The PET elements of the system were based on a full-ring tomograph (ECAT ACCEL, CPS Innovation, Knoxville, TN, USA). Emission data were acquired for 4 min at each bed position from the top of the head to the mid-thighs. Three-dimensional mode was used for PET image acquisition. PET data were reconstructed on a 128 × 128 matrix, using an iterative algorithm [Fourier rebinning (FORE) and attenuation-weighted ordered subset expectation maximization (AWOSEM)] with 2 iterations, 8 subsets and a 5-mm full-width at half-maximum (FWHM) Gaussian postfilter. Attenuation-corrected and uncorrected data were both available for review. CT data were acquired with a single-slice spiral CT (Somatom Emotion, Siemens Medical Solutions, Erlangen, Germany) without intravenous contrast agent. CT parameters were set to 80 mAs and 110 kV, slice thickness to 5 mm and pitch to 1.5. CT data were reconstructed using filtered backprojection with a smooth filter on a 512 × 512 matrix; reconstructed slices had a thickness of 5 mm with a gap of 2.5 mm. Standard orthogonal views, as well as maximum intensity projections, were reviewed during scan interpretation.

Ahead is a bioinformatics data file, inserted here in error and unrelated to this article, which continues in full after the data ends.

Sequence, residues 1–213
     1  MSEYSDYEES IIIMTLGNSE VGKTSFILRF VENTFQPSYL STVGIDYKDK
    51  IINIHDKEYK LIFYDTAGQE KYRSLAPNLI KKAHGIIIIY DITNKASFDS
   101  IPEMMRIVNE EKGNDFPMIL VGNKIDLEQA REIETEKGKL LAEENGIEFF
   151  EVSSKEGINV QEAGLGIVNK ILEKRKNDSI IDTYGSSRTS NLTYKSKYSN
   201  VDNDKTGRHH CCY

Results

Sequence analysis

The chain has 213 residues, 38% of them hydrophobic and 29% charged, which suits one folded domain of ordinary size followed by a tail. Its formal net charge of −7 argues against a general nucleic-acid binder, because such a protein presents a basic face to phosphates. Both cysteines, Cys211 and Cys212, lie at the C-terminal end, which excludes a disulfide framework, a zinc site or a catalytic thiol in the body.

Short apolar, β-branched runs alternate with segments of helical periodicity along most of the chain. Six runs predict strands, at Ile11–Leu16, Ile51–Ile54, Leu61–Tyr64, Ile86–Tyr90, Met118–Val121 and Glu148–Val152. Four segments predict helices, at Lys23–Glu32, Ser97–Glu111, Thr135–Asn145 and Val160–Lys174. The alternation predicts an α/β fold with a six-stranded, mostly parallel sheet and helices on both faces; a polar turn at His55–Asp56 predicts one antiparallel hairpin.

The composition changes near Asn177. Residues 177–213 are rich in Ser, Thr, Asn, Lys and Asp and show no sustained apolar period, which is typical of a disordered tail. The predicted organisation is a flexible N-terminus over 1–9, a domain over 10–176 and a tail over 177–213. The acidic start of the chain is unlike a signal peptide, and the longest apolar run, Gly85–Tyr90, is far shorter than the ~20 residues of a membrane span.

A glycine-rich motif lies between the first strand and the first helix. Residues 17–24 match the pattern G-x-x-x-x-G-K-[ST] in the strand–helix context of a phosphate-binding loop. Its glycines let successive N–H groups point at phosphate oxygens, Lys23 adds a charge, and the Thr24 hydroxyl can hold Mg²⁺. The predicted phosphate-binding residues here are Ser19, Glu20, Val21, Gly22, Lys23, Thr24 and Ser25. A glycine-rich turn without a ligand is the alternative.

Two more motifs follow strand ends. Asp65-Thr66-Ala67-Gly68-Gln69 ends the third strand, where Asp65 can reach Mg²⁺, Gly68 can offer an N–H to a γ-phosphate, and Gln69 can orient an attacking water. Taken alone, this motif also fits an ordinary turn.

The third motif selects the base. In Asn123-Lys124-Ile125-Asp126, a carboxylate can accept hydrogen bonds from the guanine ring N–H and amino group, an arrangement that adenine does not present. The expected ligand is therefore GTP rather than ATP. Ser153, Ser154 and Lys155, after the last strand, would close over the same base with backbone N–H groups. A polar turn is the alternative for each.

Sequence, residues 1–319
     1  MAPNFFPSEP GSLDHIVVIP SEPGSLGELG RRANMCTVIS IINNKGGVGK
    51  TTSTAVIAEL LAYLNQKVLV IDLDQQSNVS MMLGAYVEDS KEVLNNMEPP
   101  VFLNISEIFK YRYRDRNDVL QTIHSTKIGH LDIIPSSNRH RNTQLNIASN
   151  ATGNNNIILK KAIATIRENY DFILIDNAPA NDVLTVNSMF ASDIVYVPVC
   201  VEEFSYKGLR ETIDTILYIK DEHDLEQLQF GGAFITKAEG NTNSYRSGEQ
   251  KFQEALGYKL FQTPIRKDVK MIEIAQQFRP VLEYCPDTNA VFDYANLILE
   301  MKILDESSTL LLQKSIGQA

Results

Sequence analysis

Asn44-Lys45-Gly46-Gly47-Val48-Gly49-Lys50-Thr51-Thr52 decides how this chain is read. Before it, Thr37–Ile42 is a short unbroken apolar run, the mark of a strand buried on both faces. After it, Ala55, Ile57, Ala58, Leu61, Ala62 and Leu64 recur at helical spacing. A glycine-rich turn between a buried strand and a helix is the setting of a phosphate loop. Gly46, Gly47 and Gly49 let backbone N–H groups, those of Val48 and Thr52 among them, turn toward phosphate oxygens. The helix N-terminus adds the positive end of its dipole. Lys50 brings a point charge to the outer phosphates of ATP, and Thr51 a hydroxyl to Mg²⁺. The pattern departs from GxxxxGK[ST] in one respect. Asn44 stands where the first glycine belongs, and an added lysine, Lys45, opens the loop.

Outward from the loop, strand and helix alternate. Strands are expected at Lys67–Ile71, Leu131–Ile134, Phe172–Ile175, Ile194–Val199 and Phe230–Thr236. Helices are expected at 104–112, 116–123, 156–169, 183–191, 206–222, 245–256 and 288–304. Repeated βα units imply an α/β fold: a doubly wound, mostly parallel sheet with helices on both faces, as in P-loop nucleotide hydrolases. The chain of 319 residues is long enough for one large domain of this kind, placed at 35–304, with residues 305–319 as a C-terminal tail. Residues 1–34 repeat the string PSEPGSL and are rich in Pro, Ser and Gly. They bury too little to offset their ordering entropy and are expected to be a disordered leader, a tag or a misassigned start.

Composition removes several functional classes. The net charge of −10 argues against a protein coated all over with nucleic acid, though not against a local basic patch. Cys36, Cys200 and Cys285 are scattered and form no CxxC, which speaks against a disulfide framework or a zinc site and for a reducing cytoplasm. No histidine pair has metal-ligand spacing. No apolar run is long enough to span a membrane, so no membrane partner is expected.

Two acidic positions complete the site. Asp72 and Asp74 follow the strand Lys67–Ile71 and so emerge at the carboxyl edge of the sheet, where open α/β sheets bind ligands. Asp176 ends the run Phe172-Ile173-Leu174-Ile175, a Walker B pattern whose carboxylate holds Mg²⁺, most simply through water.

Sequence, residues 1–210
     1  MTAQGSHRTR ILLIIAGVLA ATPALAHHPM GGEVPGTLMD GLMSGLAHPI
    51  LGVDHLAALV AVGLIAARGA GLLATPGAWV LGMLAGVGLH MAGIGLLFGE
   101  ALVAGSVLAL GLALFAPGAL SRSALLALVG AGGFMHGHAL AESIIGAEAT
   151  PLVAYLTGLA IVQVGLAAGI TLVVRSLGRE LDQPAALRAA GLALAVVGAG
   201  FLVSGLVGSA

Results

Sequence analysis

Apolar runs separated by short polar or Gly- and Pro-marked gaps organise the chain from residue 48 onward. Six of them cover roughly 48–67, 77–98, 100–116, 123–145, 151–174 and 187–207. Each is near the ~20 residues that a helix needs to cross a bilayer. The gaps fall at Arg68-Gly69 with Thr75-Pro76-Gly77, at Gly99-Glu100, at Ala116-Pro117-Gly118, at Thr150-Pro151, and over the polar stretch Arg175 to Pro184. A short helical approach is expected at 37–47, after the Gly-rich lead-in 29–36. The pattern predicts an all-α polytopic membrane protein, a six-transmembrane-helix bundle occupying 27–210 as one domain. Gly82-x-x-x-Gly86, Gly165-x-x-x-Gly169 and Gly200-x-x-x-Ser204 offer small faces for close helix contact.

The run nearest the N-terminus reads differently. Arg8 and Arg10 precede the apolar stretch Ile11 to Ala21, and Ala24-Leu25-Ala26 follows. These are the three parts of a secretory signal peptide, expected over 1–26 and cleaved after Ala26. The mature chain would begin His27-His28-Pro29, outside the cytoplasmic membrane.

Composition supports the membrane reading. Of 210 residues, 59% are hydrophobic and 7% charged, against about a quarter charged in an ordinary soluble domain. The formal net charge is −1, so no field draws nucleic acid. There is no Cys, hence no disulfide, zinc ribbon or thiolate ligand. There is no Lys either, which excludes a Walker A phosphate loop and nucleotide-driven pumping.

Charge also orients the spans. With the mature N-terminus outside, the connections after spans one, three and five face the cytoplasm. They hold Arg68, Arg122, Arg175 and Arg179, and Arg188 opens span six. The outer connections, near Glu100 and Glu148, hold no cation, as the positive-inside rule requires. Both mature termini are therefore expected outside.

The maximum standardized uptake value (SUVmax) and FDG uptake volume were determined for each patient. The SUVmax was automatically semi-quantified using e.Soft tools (Siemens Medical Solutions, Erlangen, Germany) dedicated to image analysis. The FDG uptake-related tumour volumes were estimated by a semiautomated image intensity threshold volume calculated through a segmentation method, using an e.Soft-dedicated three-dimensional segmentation tool (Siemens Medical Solutions, Erlangen, Germany), as previously described [31]. The largest sizes on axial slices were measured on combined CT only for morphologically visible lesions.

CT

Imaging acquisitions were performed on a multislice helical CT (LightSpeed 16, General Electric Healthcare, Buc, France) using intravenous contrast material in the absence of contraindication. The protocol was: acquisition on the thorax (arterial contrast enhancement), then on the abdomen and pelvis (contrast enhancement: portal venous in upper abdomen, venous in pelvis) and finally on the head and neck (late venous contrast enhancement with a bolus). The parameters were set to automated dose modulation, 120 kV, slice thickness 2.5 mm and pitch 1.375. CT data were reconstructed using filtered backprojection with smooth and sharp filters on a 512 × 512 matrix.